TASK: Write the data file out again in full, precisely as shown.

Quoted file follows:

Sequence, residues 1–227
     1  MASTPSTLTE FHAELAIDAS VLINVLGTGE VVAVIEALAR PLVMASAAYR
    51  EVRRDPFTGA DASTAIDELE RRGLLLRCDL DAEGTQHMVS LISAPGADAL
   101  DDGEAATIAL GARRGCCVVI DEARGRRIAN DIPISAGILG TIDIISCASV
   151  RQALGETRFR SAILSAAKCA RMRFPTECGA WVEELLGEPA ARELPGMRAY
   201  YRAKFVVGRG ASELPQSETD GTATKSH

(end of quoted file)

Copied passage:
Sequence, residues 1–227
     1  MASTPSTLTE FHAELAIDAS VLINVLGTGE VVAVIEALAR PLVMASAAYR
    51  EVRRDPFTGA DASTAIDELE RRGLLLRCDL DAEGTQHMVS LISAPGADAL
   101  DDGEAATIAL GARRGCCVVI DEARGRRIAN DIPISAGILG TIDIISCASV
   151  RQALGETRFR SAILSAAKCA RMRFPTECGA WVEELLGEPA ARELPGMRAY
   201  YRAKFVVGRG ASELPQSETD GTATKSH